Golden Cockerel Napoleon's "Memoirs" in a Handsome Cosway Binding Using a Portrait Apparently Done in the 1830s by a Known Painter


(Waltham St. Lawrence: Golden Cockerel Press, 1945). 317 x 190 mm. (12 1/2 x 7 1/2"). 422, [2]; 78, [2] pp. Two volumes bound in one. Translated and edited by Somerset de Chair. No. 412 OF 500 NUMBERED COPIES.

HANDSOME RED MOROCCO BY BAYNTUN (RIVIERE) (stamp-signed in gilt on rear turn-in), covers with double gilt rule surrounding a field of alternating gilt tools (a bee, and the letter "N" encircled by a wreath), upper board with inset WATERCOLOR OVAL PORTRAIT OF NAPOLEON, with two flags, a gun, and a saber outlined in gilt appearing to cross behind it, lower cover with large gilt armorial device, raised bands, compartments ruled in gilt with bee or "N" tool at the center, gilt lettering, thick turn-ins with gilt rules and decorative cornerpieces, blue watered silk endleaves, top edge gilt, others untrimmed, original map endpapers bound in. Volume I with a frontispiece portrait of Napoleon, volume II with a black and white photograph of a modern sculpture of the general, title page of each volume with a woodcut design of an eagle clutching a flag among other accoutrements of war. Title page of volume one SIGNED BY THE EDITOR in ink. Chanticleer 167; Cave & Manson 167. ◆Small nick to head of spine and some minor damage along the tail, two small stains and a couple of dings to covers, but still a beautiful binding in very pleasing condition. Small repair to edge of one of the map endpapers, one or two isolated trivial smudges elsewhere, but the contents nearly pristine.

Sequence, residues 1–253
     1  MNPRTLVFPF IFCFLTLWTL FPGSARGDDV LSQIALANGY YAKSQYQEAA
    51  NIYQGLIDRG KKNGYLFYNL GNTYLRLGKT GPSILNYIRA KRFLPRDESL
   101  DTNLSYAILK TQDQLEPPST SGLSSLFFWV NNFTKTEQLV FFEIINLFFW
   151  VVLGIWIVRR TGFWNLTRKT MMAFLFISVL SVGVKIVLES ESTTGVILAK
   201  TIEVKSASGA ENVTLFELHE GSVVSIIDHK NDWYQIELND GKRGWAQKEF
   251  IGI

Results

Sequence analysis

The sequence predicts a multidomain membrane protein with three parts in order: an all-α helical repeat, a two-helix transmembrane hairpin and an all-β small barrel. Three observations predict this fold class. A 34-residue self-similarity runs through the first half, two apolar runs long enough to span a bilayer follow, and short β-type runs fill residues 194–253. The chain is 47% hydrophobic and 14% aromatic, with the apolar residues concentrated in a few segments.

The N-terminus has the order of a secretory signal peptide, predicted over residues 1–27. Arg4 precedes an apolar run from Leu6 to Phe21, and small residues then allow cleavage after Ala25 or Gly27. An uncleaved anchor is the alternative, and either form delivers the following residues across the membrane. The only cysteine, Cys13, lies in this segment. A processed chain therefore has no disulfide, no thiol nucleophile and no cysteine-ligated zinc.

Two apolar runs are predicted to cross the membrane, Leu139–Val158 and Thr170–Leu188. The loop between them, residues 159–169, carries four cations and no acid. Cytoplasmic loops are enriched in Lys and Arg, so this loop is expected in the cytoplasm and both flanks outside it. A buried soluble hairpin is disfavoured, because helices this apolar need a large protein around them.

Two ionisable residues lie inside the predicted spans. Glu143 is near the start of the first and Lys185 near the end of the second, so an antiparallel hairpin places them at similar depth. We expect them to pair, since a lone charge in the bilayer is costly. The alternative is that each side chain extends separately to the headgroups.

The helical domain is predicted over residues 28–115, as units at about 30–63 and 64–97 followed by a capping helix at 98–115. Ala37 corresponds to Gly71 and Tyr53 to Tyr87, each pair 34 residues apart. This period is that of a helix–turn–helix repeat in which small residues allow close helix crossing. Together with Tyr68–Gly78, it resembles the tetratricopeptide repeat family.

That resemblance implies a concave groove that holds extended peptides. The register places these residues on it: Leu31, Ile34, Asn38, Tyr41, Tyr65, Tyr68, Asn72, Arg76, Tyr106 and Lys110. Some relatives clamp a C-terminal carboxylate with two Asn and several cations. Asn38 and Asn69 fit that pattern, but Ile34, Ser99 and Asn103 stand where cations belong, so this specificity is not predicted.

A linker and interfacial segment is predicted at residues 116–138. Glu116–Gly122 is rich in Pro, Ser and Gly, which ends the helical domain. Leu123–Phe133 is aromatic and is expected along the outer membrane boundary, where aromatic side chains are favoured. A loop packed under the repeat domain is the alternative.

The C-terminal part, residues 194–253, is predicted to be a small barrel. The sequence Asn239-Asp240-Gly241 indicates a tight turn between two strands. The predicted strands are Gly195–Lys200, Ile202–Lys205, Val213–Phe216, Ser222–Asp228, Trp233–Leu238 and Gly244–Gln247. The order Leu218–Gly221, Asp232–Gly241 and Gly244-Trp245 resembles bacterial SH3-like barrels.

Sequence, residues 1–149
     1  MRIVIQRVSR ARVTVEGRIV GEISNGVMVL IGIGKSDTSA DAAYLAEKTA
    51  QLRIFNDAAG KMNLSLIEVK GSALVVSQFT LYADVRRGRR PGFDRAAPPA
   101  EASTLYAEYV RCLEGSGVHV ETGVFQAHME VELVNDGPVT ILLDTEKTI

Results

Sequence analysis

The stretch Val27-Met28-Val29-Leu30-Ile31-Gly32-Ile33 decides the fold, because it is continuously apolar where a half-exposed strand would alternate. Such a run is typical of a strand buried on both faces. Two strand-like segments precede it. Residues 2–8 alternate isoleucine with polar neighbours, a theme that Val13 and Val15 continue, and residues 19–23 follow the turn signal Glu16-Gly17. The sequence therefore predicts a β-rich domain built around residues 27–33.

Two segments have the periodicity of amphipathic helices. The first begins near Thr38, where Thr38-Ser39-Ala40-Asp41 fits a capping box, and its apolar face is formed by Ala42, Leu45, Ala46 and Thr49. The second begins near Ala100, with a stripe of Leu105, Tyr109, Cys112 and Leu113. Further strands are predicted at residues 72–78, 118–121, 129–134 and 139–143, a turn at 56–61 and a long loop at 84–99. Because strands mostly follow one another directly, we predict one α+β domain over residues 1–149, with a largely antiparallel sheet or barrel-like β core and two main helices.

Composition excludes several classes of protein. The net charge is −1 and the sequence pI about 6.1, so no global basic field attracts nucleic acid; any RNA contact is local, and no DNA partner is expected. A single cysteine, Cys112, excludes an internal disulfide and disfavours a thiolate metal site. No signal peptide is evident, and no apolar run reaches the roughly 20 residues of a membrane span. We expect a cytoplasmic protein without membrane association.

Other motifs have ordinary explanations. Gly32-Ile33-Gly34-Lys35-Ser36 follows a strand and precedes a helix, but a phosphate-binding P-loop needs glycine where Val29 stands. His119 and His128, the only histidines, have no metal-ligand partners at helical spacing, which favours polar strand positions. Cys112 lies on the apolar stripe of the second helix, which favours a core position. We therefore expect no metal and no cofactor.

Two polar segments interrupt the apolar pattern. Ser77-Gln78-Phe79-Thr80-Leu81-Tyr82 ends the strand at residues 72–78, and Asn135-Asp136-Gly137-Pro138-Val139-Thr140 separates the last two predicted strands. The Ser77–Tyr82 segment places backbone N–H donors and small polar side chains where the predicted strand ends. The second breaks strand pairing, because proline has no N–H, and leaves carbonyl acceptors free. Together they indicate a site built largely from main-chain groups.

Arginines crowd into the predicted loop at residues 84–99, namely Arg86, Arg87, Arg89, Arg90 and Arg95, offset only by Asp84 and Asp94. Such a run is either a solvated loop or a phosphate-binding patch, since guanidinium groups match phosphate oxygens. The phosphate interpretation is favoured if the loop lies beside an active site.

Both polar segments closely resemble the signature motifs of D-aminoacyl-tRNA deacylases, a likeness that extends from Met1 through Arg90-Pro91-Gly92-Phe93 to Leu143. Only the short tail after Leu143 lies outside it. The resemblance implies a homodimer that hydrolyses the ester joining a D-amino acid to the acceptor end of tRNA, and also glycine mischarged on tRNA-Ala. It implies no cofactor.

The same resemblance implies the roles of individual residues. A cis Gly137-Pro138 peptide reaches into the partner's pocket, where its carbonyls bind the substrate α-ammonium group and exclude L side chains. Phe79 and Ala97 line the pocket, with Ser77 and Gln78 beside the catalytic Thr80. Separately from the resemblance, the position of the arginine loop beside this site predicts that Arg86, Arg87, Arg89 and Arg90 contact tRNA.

This is a finely bound copy of an innovative version of the memoirs that were based on conversations between Napoleon and Emmanuel-Augustin-Dieudonné-Joseph, Comte de Las Cases (1766-1842). The count accompanied the defeated emperor into exile on Saint Helena as an informal secretary, took a great many notes about Napoleon's life, inserted his own impressions, colored his account to the point of (favorable) misrepresentation, and published the work as the celebrated "Mémorial de Ste. Hélène," from which he made a substantial amount of money. Our translator and editor Somerset de Chair has turned the text into a first-person narrative and rearranged the pieces so that events are recalled in chronological order. The first volume covers the general's career from Corsica to Marengo, and the second is devoted to Waterloo. The so-called "Cosway" binding, featuring handsome morocco inset with one or more painted miniatures, apparently originated with the London bookselling firm of Henry Sotheran about 1909. It was in that year that G. C. Williamson's book entitled "Richard Cosway" (dealing with the British miniature painter of that name, 1742-1821) was remaindered by Sotheran and presumably given this special decorative treatment. The name "Cosway" was then used to describe any book so treated, whoever its author. Other prominent binderies, chiefly Sangorski & Sutcliffe and Bayntun, produced their own versions of the popular style. The Bayntun firm, founded in Bath in 1894, is now the last of the great Victorian trade binderies still in family ownership. Among the great English workshops of the Edwardian "golden age" of lavish bindings, Bayntun has the distinction of being the only one located outside London's West End to be sought after by bibliophiles. In 1939, Bayntun took over the esteemed Riviere firm, founded in 1829. The oval portrait on the present work is especially pleasing because it communicates something of Napoleon's character: he appears smug and in control, yet expressing some of the famous charisma that contributed to his success. The miniature bears the monogram "WMB," quite likely the initials of William Mineard Bennet (1778-1858), a painter and miniaturist who studied under Thomas Lawrence. According to Benezit, he went to Paris in 1835 "where he was extremely well received, enjoying the patronage of both the Duke de Berry and King Louis-Philippe."

Price: $4,800.00